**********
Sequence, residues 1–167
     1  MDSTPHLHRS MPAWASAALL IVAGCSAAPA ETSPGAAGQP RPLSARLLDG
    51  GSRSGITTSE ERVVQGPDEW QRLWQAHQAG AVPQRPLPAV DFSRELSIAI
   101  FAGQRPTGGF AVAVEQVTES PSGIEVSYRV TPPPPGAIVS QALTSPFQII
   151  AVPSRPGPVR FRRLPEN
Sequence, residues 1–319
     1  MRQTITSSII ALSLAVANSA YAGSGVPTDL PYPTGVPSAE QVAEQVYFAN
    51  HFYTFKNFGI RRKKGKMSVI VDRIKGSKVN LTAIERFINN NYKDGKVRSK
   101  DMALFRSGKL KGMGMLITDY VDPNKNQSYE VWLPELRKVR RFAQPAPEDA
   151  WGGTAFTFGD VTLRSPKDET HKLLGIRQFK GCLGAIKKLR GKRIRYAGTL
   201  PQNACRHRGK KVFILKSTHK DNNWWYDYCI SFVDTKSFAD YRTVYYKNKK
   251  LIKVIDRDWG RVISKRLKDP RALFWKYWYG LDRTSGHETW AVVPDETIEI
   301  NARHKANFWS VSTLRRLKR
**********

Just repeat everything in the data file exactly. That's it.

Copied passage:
Sequence, residues 1–167
     1  MDSTPHLHRS MPAWASAALL IVAGCSAAPA ETSPGAAGQP RPLSARLLDG
    51  GSRSGITTSE ERVVQGPDEW QRLWQAHQAG AVPQRPLPAV DFSRELSIAI
   101  FAGQRPTGGF AVAVEQVTES PSGIEVSYRV TPPPPGAIVS QALTSPFQII
   151  AVPSRPGPVR FRRLPEN
Sequence, residues 1–319
     1  MRQTITSSII ALSLAVANSA YAGSGVPTDL PYPTGVPSAE QVAEQVYFAN
    51  HFYTFKNFGI RRKKGKMSVI VDRIKGSKVN LTAIERFINN NYKDGKVRSK
   101  DMALFRSGKL KGMGMLITDY VDPNKNQSYE VWLPELRKVR RFAQPAPEDA
   151  WGGTAFTFGD VTLRSPKDET HKLLGIRQFK GCLGAIKKLR GKRIRYAGTL
   201  PQNACRHRGK KVFILKSTHK DNNWWYDYCI SFVDTKSFAD YRTVYYKNKK
   251  LIKVIDRDWG RVISKRLKDP RALFWKYWYG LDRTSGHETW AVVPDETIEI
   301  NARHKANFWS VSTLRRLKR